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Revealing Naïveté and Sophistication from Procrastination and Preproperation†

Revealing Naïveté and Sophistication from Procrastination and Preproperation† AbstractThis paper proposes a novel way of distinguishing whether a person is naïve or sophisticated about her own dynamic inconsistency using only her task-completion behavior. It shows that adding an unused extra opportunity to complete a task can lead a naïve (but not a sophisticated) person to complete it later and can lead a sophisticated (but not a naïve) person to complete the task earlier. These results provide a framework for revealing preference and sophistication types from behavior in a general environment that includes that of O’Donoghue and Rabin (1999). (JEL D15, D91) http://www.deepdyve.com/assets/images/DeepDyve-Logo-lg.png American Economic Journal: Microeconomics American Economic Association

Revealing Naïveté and Sophistication from Procrastination and Preproperation†

Revealing Naïveté and Sophistication from Procrastination and Preproperation†

American Economic Journal: Microeconomics , Volume 13 (2) – May 1, 2021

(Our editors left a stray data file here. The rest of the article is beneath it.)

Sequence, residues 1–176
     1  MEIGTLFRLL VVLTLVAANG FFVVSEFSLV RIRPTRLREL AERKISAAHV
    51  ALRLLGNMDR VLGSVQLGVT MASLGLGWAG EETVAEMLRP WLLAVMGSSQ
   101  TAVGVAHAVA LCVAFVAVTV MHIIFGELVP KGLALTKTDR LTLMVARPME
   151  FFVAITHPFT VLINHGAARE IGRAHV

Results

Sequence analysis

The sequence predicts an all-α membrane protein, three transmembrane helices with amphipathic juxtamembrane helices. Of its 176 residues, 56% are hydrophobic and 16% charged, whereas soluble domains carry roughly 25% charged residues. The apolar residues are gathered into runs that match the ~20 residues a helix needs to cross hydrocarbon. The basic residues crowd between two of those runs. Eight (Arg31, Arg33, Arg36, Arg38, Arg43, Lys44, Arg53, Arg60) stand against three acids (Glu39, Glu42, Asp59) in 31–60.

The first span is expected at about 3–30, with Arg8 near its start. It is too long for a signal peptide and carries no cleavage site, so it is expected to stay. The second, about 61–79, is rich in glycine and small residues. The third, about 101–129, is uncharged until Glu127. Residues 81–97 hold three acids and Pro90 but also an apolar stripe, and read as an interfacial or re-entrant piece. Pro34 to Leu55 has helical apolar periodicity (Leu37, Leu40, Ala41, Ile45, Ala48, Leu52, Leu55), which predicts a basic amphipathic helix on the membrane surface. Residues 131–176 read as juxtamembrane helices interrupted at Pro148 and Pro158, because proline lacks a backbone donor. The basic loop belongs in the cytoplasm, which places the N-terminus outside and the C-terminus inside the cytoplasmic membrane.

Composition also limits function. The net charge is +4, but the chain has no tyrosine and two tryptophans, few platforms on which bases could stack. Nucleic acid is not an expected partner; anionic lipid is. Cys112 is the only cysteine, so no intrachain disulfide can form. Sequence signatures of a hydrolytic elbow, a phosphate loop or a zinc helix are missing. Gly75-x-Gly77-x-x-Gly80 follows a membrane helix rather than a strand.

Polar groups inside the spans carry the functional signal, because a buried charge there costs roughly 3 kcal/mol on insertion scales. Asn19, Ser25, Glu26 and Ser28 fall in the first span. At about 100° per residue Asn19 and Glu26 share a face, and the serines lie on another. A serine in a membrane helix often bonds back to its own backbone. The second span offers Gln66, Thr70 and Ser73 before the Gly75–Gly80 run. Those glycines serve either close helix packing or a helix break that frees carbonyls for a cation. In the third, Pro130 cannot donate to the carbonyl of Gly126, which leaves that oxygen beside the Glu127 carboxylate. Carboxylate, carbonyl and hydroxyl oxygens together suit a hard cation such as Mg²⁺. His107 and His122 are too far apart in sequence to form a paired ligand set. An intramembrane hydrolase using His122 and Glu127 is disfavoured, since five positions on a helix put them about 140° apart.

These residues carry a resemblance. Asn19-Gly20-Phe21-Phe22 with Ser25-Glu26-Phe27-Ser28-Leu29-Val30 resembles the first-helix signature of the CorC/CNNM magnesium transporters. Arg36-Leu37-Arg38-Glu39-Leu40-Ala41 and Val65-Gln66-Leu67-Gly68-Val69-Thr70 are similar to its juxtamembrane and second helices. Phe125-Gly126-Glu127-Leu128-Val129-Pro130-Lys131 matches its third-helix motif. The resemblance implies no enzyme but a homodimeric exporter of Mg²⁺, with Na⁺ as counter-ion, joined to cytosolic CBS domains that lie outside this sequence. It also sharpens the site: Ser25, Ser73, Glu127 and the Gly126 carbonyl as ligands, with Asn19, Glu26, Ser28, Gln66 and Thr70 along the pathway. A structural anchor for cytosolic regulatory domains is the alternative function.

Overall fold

Abstract

AbstractThis paper proposes a novel way of distinguishing whether a person is naïve or sophisticated about her own dynamic inconsistency using only her task-completion behavior. It shows that adding an unused extra opportunity to complete a task can lead a naïve (but not a sophisticated) person to complete it later and can lead a sophisticated (but not a naïve) person to complete the task earlier. These results provide a framework for revealing preference and sophistication types from behavior in a general environment that includes that of O’Donoghue and Rabin (1999). (JEL D15, D91)

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Publisher
American Economic Association
Copyright
Copyright © 2021 © American Economic Association
ISSN
1945-7685
DOI
10.1257/mic.20170270
Publisher site
See Article on Publisher Site

Abstract

AbstractThis paper proposes a novel way of distinguishing whether a person is naïve or sophisticated about her own dynamic inconsistency using only her task-completion behavior. It shows that adding an unused extra opportunity to complete a task can lead a naïve (but not a sophisticated) person to complete it later and can lead a sophisticated (but not a naïve) person to complete the task earlier. These results provide a framework for revealing preference and sophistication types from behavior in a general environment that includes that of O’Donoghue and Rabin (1999). (JEL D15, D91)

Journal

American Economic Journal: MicroeconomicsAmerican Economic Association

Published: May 1, 2021

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